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H. Evaluation of Transparency ...................................................................................91 I. Conclusion .............................................................................................................93 Annex II: Tables ..........................................................................................................96 Section Two: TARP Updates Since Last Report .............................................................121 Section Three: Oversight Activities .................................................................................158 Section Four: About the Congressional Oversight Panel ................................................159

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Executive Summary*The Troubled Asset Relief Program (TARP) is a public program in design and purpose: created by Congress, paid for by taxpayers, and intended to stabilize the American economy. Yet private companies today perform many of the TARPs most critical functions, operating under 96 different contracts and agreements worth a total of $436.7 million. These private businesses do not take an oath of office, nor do they stand for election. They may have conflicts of interests, are not directly responsible to the public, and are not subject to the same disclosure requirements as government actors. As such, it is critical that Treasury scrupulously oversee its contractors and agents. The TARP employs private agents through two means: procurement contracts, which are utilized across the federal government and are governed by the Federal Acquisition Regulations (FAR), and financial agency agreements, which are used only by Treasury and which allow businesses to perform inherently governmental functions on behalf of the United States. Under the law authorizing the TARP, Treasury has extraordinary discretion in using both instruments. For example, the law explicitly allowed Treasury to waive any provision of the FAR, and it arguably allowed Treasury to hire financial agents for a broader range of duties than previously permitted. Such broad authority helped Treasury to establish the TARP in great haste during a moment of crisis, but this expansive discretion must necessarily be accompanied by strict oversight. In general, Treasury has taken significant steps to ensure that it has used private contractors appropriately, and indeed some experts have praised Treasury for going above and beyond the usual standards for government contracting. Treasury provided for competitive bidding for most of its contracts, and it has established several layers of controls to monitor contractor performance and to prevent conflicts of interest. Further, despite the pressing needs of the financial crisis, Treasury complied with the FAR, although it could have waived its provisions. This praise must be viewed in context, however. The government contracting process is notoriously nontransparent, and although Treasury appears to have performed well on a comparative basis, significant transparency concerns remain. For example, contractors and agents are immune to requests under the Freedom of Information Act. Contractors may hire subcontractors, and those subcontracts are not disclosed to the public. Important aspects of a contractors work may be buried in work orders that are never published in any form. Further, Treasury publishes no information on the performance of contractors during the life of the*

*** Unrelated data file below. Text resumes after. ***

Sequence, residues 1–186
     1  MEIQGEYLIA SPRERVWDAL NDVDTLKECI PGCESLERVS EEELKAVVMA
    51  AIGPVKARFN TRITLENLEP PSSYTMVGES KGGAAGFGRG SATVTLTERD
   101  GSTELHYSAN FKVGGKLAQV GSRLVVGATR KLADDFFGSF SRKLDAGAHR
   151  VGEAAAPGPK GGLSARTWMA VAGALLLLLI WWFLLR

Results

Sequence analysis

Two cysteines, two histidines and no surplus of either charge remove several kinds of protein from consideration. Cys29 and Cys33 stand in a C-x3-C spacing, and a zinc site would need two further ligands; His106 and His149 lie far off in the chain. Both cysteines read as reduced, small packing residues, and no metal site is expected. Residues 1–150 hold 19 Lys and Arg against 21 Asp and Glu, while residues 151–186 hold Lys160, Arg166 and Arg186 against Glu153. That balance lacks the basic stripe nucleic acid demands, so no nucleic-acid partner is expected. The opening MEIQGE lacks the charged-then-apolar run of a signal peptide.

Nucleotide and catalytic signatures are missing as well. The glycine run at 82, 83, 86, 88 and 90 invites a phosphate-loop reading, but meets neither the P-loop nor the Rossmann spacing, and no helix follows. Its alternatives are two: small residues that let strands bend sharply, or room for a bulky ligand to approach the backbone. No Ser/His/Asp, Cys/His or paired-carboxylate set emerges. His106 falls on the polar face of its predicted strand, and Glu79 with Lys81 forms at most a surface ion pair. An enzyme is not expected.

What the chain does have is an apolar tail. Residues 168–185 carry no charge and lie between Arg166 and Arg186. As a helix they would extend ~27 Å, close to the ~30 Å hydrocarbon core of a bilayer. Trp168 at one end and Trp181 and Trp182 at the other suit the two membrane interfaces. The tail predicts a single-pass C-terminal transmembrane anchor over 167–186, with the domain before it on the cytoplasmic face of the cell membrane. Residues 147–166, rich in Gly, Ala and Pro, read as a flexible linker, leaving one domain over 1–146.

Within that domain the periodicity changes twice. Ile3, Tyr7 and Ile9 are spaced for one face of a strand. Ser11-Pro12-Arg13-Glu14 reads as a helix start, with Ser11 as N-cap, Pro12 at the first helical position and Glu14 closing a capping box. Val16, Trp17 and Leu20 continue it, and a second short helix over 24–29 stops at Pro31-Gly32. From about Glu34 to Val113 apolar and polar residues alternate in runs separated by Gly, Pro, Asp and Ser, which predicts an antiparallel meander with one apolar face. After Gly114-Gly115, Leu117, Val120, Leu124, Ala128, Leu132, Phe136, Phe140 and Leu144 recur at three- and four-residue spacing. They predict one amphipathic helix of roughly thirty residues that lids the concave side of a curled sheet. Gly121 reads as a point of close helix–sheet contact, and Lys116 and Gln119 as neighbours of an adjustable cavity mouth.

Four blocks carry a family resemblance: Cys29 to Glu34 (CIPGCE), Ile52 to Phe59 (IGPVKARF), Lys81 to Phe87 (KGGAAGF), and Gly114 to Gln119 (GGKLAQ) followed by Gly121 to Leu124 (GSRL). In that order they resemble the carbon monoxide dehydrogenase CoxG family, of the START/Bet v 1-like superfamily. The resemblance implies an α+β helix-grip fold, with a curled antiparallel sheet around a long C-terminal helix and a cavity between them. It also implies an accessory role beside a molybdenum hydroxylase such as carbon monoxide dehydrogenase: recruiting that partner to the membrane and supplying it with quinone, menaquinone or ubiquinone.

The Panel adopted this report with a 5-0 vote on October 13, 2010.

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contract. In short, as work moves farther and farther from Treasurys direct control, it becomes less and less transparent and thus impedes accountability. The contracting process has also created confusion about the role of small businesses in administering the TARP. In one case, Treasury awarded a contract to a small disadvantaged business, which in turn delegated roughly 80 percent of the contract to a large business. Thus, although on the surface it appears that the contract is being performed by a small business, in actuality a large business is essentially responsible for performance. Additionally, the Panel is concerned by the lack of outreach by Treasury to find qualified minority-owned businesses to participate in the TARP. Although several minority-owned businesses have received TARP financial agency agreements, only one prime TARP contract has been awarded to a minorityowned business. The largest TARP financial agency agreements were those with Fannie Mae and Freddie Mac to provide administration and compliance services for Treasurys foreclosure mitigation programs. As described in detail in the case study accompanying this report, these agreements raise significant concerns. Both Fannie Mae and Freddie Mac have a history of profound corporate mismanagement, and both companies would have collapsed in 2008 were it not for government intervention. Further, both companies have fallen short in aspects of their performance, as Fannie Mae